Tag Archives: console

Panasonic Desktop TV & FM/AM Radio, Model No. TRF-438P (1984)

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Alright, I guess I’m going to find something awesome every time I go to Goodwill. Bad for saving money, good for my blog. Even without a blog, I would have bought this thing right quick. A quick trip to  the aforementioned Goodwill tonight, with the vague goal of finding a new used book, resulted not only in new reading material, but also this: A Panasonic desktop television, with FM and AM radio, manufactured 29 years ago in Sepetember 1984. Yeah, I couldn’t not grab this thing. There was really no other option but to practically trip over myself running to the checkout counter with it, violently shoving every poor bastard without the good sense to step aside out of my way. Needless to say, victory was mine.

(I didn’t really violently shove people out of the way, but should anyone have tried taking my desktop TV thing away from me, they would’ve had a mean sucker punch waitin’ for ’em.)

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I’ve found a few TV/radio combo units in my time, including a big ass Sony Watchman I think I’ll have to drag out and review soon. I’ve even come across the little handheld units, but I’m thinking this is the coolest one, by far. A lot of that has to do with the fact it’s from the 1980’s, right in the sweet spot, 1984.

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The front panel is quite possibly the world’s most-susceptible-to-fingerprints-surface, but nevertheless, this is a sleek lookin’ beast. Works well, too. Majic 105.7 FM comes in clear as day, even without the antenna extended. The clock shows up on the TV screen, both with the TV on or off. It can be slightly dimmed or turned off completely. Expected but helpful.

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Since everything’s digital now, naturally I’m not picking up any channels. Now supposedly, since they’re not digital (yet), you can pick up WAOH TV-29/WAX TV-35 with just an old-school antenna, but I know from experience that the signal doesn’t come in around here, not through that method. That’s why I spent the early part of the 2000’s Son Of Ghoul-less (damn rabbit ears). Still, you better believe the idea of watching Son Of Ghoul on this thing is coming dangerously close to making me do some kind of bizarre touchdown dance. Let’s wait until I actually make it happen, though. Since there is an external antenna jack, and a couple other methods of inputs, it may actually be possible to hook a digital converter box up to this. I don’t know, because frankly, I have no experience with digital converter boxes. Never had one, never had the need for one.

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At first, I was a little confused as to why the TV screen was set so far back into the unit (to be completely honest, upon first glance, I thought someone had actually removed the TV screen entirely, but I soon figured it out. It doesn’t take your Northeast Ohio Video Hunter long to get his bearings). Turns out that there’s a mirror in there, reflecting the clock, basically superimposing it over the TV screen. That may be a sketchy way of describing it, I know, but I did my best to show in the pics how it works. The left picture shows the time and how it’s not actually on the TV screen as you’d first think of it (an obvious necessity, since the TV has to be off to have the radio on, and vice versa, and it’s nice to have the time present during all of that). I tried to show the angular mirror set-up in the right picture. Damn this thing is badass.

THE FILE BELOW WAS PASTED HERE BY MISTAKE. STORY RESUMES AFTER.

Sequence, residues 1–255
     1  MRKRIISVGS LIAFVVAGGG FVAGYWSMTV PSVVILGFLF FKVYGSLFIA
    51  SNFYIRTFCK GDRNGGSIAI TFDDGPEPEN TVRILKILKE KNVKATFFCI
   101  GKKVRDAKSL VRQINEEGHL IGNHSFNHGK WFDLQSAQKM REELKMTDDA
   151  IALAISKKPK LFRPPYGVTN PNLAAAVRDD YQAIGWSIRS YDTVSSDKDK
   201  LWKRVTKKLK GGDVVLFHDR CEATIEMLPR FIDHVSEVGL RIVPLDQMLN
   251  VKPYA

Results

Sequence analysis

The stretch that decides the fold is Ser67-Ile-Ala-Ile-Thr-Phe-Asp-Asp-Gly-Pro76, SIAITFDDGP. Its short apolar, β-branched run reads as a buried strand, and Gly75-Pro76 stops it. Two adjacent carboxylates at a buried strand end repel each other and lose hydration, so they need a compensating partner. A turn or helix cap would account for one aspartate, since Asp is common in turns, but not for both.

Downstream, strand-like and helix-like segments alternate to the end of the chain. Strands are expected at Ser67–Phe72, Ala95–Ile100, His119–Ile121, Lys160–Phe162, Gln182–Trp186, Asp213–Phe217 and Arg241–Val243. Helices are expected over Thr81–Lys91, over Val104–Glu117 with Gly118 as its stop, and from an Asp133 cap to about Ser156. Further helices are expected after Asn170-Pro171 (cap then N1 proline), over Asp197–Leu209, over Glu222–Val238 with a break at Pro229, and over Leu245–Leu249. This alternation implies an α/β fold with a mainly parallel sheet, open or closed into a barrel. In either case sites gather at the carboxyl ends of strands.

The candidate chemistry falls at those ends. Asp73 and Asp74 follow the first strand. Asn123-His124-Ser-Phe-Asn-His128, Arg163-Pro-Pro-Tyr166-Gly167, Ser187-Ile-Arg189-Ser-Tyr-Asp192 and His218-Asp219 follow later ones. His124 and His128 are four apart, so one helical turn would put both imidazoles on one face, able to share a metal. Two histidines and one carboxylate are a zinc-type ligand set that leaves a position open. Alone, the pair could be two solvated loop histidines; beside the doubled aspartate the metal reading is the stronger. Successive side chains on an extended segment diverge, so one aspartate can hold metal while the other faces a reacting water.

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All the helpful features you’ve come to expect from your clock/radio-type devices are at your finger tips. The mere press of a button turns your Panasonic desktop entertainment system on or off! Revolutionary! In all seriousness, I was a bit surprised it uses this style of on/off buttons, and not the more expected on/off switch.

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See, I wasn’t lying! September 1984! Being a name brand and having a built-in television, I would guess this probably cost a few bucks back then. Not saying it was a $1000 set-up or anything, but I doubt it was only $30, either. It’s a very solidly built unit that still works like a charm. I’ve had good luck with Panasonic products in the past, and this continues the trend. Them folks put out some good stuff, yo.

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Costing a mere $4, this is my third Goodwill score in just over a week. Gotta be careful, because your Northeast Ohio Video Hunter is many things, but rolling in dough he is not. No matter, because I now have a cool desktop TV/radio, and I love it so, so much.

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Vintage Sears Stereo Eight Track AM/FM Clock Radio

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Ah, eight track players. I do loves ’em. This is a Sears AM/FM stereo eight track clock radio, model # 317.23450 050. I don’t have a year, but the the sticker says the manufacturing date was “A 0371G”. I don’t know what that means, but just by the looks of this thing, how can it not be from the 1970’s?

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In addition to state-of-the-art eight track tape playing capabilites, this cutting-edge piece of technology is also a clock radio. Not only can you easily tell what time it is at any given moment, but you can also listen to your favorite AM or FM radio stations! In stereo, no less!

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Perhaps against all odds, this thing not only still works, but it sounds pretty good. It may not be the most dynamic form of stereo you’ve ever heard, but really, not bad all things considered. You can balance between the right and left channels, as well as the bass and treble. Revolutionary!